JAKARTA: Indonesian authorities said today the number of areas where wildfire could occur has doubled over the past week due to dry weather, raising concerns over widespread forest fires even before the country hits peak dry season.
The number of ‘hotspots’ recorded between July 17 and July 23 surged to 12,701 from 6,082 a week earlier, according to data from Indonesia’s disaster mitigation agency (BNPB).
Most of the increase in hotspots was spotted in Kalimantan, the Indonesian portion of Borneo Island, as well as in Java and Papua, said BNPB spokeman Abdul Muhari.
“Although not all hotspots will turn into fire spots, we still have to be vigilant because of the significant increase that we are seeing,” he said in a virtual briefing.
He highlighted that Indonesia has yet to reach the peak of its dry season, expected between August to early September.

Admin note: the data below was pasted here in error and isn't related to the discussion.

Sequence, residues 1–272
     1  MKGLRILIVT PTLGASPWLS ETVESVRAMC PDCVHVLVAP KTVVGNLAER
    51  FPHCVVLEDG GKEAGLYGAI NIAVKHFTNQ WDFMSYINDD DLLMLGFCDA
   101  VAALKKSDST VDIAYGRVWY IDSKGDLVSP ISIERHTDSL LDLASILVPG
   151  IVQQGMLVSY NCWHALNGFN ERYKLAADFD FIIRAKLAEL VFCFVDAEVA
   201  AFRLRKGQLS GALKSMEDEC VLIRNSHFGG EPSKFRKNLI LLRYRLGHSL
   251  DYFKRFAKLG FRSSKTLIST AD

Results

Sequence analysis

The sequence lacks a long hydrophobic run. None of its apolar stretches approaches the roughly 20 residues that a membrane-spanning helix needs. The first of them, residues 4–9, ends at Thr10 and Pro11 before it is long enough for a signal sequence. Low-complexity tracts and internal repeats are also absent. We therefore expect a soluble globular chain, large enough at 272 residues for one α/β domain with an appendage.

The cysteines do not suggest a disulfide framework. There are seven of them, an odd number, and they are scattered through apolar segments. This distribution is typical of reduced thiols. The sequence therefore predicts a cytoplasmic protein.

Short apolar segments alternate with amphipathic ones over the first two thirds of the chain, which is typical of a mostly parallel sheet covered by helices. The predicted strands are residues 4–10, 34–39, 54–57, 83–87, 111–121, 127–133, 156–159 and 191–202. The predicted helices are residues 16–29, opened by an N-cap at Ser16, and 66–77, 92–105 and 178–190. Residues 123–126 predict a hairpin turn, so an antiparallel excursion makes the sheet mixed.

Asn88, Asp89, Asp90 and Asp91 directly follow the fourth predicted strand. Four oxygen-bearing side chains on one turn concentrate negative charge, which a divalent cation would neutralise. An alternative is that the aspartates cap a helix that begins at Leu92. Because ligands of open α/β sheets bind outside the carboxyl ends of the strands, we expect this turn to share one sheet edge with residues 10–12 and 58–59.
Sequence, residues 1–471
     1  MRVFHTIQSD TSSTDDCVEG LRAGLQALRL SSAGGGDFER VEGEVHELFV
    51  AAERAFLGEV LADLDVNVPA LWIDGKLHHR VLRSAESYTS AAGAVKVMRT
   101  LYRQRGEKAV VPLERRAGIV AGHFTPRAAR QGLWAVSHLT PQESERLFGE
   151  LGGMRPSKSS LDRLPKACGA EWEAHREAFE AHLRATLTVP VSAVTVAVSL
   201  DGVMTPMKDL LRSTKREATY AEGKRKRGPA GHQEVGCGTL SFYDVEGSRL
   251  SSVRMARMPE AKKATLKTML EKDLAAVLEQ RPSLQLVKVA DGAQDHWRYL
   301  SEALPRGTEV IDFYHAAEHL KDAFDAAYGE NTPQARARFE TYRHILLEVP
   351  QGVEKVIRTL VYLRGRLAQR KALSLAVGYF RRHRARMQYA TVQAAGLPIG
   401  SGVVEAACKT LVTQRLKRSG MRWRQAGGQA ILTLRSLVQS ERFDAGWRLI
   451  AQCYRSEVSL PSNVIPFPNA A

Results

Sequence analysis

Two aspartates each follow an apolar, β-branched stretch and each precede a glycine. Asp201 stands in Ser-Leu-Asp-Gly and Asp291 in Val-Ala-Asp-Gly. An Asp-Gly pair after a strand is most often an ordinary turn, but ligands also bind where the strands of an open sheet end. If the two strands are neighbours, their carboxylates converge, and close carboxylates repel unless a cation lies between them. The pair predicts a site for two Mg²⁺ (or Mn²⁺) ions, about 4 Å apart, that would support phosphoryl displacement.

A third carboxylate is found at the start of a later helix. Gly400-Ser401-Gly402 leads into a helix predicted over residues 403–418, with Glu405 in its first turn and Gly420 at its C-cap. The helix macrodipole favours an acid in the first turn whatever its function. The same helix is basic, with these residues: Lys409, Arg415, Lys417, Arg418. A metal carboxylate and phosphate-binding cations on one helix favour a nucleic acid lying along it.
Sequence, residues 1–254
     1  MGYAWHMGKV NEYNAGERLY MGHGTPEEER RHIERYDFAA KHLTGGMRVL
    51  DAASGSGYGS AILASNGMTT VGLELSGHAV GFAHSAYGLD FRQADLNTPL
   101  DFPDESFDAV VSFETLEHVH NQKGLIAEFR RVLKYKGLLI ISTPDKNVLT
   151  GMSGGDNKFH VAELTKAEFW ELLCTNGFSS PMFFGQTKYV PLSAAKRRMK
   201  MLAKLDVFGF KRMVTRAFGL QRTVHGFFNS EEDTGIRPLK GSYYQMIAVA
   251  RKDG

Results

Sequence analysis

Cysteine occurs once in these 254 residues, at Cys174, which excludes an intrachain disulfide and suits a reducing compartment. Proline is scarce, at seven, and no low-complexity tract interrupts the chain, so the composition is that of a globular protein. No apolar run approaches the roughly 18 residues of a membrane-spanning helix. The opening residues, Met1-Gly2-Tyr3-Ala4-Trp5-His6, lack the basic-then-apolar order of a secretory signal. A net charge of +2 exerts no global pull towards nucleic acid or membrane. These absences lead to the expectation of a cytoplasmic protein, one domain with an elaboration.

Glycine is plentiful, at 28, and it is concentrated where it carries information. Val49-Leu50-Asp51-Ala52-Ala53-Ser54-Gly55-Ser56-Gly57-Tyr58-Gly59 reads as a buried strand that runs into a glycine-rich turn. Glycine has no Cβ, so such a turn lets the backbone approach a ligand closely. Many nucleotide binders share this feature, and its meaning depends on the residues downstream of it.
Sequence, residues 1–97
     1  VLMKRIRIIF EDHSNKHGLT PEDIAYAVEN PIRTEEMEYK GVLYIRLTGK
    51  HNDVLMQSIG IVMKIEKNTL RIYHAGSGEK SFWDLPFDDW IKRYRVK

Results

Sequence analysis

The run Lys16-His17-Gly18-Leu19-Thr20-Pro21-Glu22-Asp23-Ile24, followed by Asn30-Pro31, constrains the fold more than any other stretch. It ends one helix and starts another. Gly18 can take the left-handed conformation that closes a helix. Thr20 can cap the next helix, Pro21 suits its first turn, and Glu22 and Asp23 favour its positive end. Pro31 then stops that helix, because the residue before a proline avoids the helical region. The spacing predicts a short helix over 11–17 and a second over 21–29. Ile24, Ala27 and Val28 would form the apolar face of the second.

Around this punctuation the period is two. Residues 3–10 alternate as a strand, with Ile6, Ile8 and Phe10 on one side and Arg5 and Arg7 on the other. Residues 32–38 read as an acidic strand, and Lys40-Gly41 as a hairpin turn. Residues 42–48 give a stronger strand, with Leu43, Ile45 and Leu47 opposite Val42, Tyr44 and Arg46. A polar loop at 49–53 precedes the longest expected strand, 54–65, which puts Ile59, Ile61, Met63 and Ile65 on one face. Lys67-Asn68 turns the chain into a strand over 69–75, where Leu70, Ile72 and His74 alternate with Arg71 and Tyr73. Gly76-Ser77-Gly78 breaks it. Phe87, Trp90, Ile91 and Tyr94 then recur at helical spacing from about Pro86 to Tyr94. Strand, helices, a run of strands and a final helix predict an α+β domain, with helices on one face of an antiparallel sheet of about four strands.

Indonesia’s weather agency has said the country is this year expected to see its most severe dry season since 2019, partially due to the return of the El Nino weather pattern.
Abdul warned people to not leave fires unattended and to report any significant drop in water level in peatland areas.
He also said authorities are conducting aerial patrols in six priority provinces.
The Southeast Asian nation experienced devastating forest fires in 2015 and 2019 that blanketed the country and parts of Southeast Asia region with haze.
The 2019 fires caused about US$5.2 billion of economic losses in the eight Indonesian provinces, according to the World Bank.